Language department celebrates French-Canadian connections during National French Week

Students and faculty enjoyed poutine, crepes, hockey and music in a celebration of French-Canadian culture for the 13th annual National French Week. Le Cercle Francais, or the French Club, hosted the event, sponsored by the department of languages and literatures.

President senior Lauren Slezak coordinated the week alongside adviser visiting assistant professor of French Kathryn Fredericks and professor of French and western humanities Beverly Evans. The three collaborated and brainstormed ideas for educating attendees about French-Canadian culture.

What helped was that this semester, Evans is teaching FREN 375: French-Canadian Literature for the first time, so “it kind of all fell together,” Slezak said.

The week focused on cultural education through French and French-Canadian films, speakers and food. Speakers included Kara Szamborski '11 and Eileen Angelini, professor of French at Canisius College and 2010-2011 recipient of the Canada-United States Fulbright Scholar Award. Students who studied abroad in francophone areas including Slezak and senior Lily Wheeler shared their experiences in a study abroad session.

The week also welcomed students to learn how to make crepes with teaching assistant Nadjet Sarrab and eat at Simply Crepes in Pittsford, N.Y.

Slezak noted that the Monday Nov. 11 screening of The Rocket followed by the Tuesday Nov. 12 reading of “The Legend of Maurice 'Rocket' Richard: An Inspirational Story that Crosses Borders and Cultures” by Angelini were well-attended events. Richard is a legendary Canadian ice hockey player who played for the Montreal Canadiens and was the first player to score 50 goals in 50 games and 500 goals in a career.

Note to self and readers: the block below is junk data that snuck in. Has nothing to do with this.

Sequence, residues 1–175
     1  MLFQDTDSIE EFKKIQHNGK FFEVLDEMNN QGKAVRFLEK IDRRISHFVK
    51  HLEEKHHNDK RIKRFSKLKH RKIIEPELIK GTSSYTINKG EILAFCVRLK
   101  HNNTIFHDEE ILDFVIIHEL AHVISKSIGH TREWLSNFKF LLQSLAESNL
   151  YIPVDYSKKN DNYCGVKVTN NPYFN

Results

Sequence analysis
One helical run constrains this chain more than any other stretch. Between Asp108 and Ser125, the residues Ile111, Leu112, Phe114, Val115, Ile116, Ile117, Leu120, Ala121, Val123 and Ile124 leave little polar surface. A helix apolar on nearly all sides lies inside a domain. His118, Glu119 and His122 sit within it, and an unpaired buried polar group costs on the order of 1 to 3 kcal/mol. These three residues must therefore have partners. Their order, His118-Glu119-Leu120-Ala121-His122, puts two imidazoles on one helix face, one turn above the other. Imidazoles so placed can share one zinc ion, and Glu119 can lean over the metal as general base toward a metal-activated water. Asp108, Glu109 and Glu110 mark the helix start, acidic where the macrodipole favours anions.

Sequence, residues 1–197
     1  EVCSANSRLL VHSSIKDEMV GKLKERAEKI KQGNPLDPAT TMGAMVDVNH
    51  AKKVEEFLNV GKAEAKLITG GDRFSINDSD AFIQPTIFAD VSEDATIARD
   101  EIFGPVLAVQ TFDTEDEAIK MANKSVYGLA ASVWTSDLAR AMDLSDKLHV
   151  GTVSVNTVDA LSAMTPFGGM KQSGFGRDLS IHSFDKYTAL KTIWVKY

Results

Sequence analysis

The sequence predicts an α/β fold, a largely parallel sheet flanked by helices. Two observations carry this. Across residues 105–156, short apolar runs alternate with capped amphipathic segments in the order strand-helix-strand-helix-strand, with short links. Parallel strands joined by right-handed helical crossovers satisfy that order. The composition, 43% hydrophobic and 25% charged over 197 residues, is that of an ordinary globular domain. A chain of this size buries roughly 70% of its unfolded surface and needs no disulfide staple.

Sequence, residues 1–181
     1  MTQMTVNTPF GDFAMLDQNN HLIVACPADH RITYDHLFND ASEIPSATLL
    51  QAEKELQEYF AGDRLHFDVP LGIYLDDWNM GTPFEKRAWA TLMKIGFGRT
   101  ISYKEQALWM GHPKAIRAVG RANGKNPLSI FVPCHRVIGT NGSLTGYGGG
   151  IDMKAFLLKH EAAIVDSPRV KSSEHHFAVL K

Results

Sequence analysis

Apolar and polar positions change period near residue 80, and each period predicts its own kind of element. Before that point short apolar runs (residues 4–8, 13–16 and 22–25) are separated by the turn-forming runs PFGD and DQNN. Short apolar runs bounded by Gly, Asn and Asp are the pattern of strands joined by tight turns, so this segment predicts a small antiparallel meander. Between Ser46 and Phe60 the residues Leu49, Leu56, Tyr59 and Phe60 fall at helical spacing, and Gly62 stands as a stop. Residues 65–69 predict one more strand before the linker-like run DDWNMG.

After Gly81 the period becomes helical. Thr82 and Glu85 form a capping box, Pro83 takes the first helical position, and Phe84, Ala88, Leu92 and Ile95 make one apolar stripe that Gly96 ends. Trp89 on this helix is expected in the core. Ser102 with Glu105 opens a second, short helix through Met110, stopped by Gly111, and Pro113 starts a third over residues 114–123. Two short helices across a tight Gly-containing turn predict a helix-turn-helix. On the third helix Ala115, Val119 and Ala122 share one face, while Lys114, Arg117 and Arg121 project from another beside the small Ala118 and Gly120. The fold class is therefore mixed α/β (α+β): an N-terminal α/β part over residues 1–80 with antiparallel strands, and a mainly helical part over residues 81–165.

Slezak, who spent six weeks in an immersion program in Montreal, emphasized the differences between French-Canadian and French culture, noting geography as playing a big role for the identity of French-Canadian language.

Because English-speaking provinces and countries surround it, “French Canada is constantly worried about losing it identity,” she said, adding, “When I was there, just the sense of strength in terms of identity is incredible.”

The week closed on Tuesday Nov. 12 as Geneseo String Band played traditional French-Canadian songs that Wheeler transposed herself, followed by a screening of the short film Crac, which explores the industrialization of Montreal through the life of a rocking chair.

“French-Canadian culture is impossible not to love,” Slezak said. “It's enthusiastic and proud.”